In the instant case, the district court distinguished Roman by noting that here only one count of the indictment remained after dismissal whereas in Roman the entire original indictment was pending when the superseding indictment was returned.
The government argues that the speedy trial clock began running anew with Karsseboom's arraignment on the superseding indictment, and that Roman does not require a different result. Under Roman, new charges can be included under the original indictment. Here the government included all charges in the original indictment and hence Roman does not apply. It argues that the pendency of one count in the original indictment should not affect the running of the speedy trial clock with respect to other charges which were dismissed. However, that argument is invalidated by this court's recognition that Congress intended that "the courts and the government, not the defendant, assume primary responsibility for ensuring that criminal trials proceed expeditiously." United States v. Pollock, 726 F.2d 1456, 1464 (9th Cir. 1984), quoted in Feldman, 788 F.2d at 549.
Here, the dismissal of the eighth count did not change the fact that appellant faced trial following indictment for more than 70 non-excludable days. The eighth count kept the case alive, although the court finally dismissed the eighth count for a Speedy Trial Act violation after the defendant's arraignment on the superseding indictment. The original indictment date controls because the superseding indictment was in effect the same as the original indictment. Arraigning a defendant on April 16, 1987 and trying him for the conduct giving rise to the indictment on September 30, 1987 does not comport with the underlying goal of ensuring that criminal trials proceed expeditiously.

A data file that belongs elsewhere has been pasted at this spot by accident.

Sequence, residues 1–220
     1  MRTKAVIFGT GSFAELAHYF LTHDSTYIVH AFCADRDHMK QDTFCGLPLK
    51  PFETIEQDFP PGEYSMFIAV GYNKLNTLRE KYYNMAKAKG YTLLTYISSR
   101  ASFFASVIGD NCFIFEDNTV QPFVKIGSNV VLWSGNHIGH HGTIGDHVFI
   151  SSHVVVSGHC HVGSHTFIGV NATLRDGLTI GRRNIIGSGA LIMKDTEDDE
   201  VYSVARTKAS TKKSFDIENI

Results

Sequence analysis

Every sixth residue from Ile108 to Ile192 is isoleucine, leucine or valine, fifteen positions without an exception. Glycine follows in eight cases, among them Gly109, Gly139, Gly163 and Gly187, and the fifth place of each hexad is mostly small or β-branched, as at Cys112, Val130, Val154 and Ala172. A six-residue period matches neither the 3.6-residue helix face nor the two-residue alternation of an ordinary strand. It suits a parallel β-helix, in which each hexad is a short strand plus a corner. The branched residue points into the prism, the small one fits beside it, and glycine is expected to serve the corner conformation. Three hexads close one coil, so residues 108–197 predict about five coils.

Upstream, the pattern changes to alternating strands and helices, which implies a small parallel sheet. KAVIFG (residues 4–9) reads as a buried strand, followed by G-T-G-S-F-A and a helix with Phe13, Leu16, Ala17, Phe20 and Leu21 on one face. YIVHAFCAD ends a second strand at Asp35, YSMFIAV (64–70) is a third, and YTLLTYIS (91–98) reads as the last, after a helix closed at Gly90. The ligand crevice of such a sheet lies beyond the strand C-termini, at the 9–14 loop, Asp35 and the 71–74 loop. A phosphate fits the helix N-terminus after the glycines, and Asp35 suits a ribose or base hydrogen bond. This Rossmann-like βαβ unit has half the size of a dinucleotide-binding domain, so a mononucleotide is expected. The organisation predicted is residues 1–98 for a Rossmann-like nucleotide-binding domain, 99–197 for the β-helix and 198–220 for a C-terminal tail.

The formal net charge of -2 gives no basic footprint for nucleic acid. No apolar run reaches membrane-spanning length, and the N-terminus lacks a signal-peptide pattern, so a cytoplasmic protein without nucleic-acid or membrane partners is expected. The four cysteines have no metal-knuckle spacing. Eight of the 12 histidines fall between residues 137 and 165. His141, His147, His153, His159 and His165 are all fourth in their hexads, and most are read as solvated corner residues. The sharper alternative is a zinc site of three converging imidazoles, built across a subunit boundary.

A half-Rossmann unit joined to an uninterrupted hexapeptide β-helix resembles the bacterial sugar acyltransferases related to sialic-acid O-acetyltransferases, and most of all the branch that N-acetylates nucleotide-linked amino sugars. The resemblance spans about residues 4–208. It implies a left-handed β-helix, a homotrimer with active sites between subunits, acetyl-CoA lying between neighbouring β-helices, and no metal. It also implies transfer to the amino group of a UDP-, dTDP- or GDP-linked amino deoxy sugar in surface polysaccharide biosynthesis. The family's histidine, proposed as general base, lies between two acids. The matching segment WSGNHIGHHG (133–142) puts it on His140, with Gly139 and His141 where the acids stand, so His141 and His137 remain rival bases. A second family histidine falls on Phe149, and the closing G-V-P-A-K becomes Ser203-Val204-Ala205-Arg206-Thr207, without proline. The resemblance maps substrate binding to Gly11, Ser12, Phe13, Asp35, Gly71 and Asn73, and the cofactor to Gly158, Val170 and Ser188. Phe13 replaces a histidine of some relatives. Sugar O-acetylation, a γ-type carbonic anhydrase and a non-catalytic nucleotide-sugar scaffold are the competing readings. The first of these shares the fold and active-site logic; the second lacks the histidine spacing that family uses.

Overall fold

When a superseding indictment merely corrects technical errors but charges again the same offenses the 70-day clock continues and does not begin anew unless the original indictment in its entirety has been previously dismissed.
In view of this holding, we need not consider the other grounds for appeal. The judgment of convictions are
REVERSED and VACATED.
The term "superseding indictment" refers to a second indictment issued in the absence of a dismissal of the first. The Act does not mention superseding indictments and seemingly assumes that dismissal of the first indictment will precede issuance of the second. See 18 U.S.C. §§ 3161(d) (1) and 3161(h) (6). United States v. Rojas-Contreras, 474 U.S. 231, 239-240, 106 S. Ct. 555, 559-560, 88 L. Ed. 2d 537 (1985) (BLACKMUN, J. concurring)
Apparently, the trial court construed defense counsel's comments as a motion to dismiss in order to invoke 18 U.S.C. § 3161(d) (1) which provides that if a trial judge grants a defendant's motion to dismiss, and the government reindicts the defendant on the same offense, the Act's seventy-day clock begins anew. United States v. Feldman, 788 F.2d 544, 548 (9th Cir. 1986), cert. denied. 479 U.S. 1067, 107 S. Ct. 955, 93 L. Ed. 2d 1003 (1987)
18 U.S.C. § 3161(c) (2) reads:
Unless the defendant consents in writing to the contrary, the trial shall not commence less than thirty days from the date on which the defendant first appears through counsel or expressly waives counsel and elects to proceed pro se.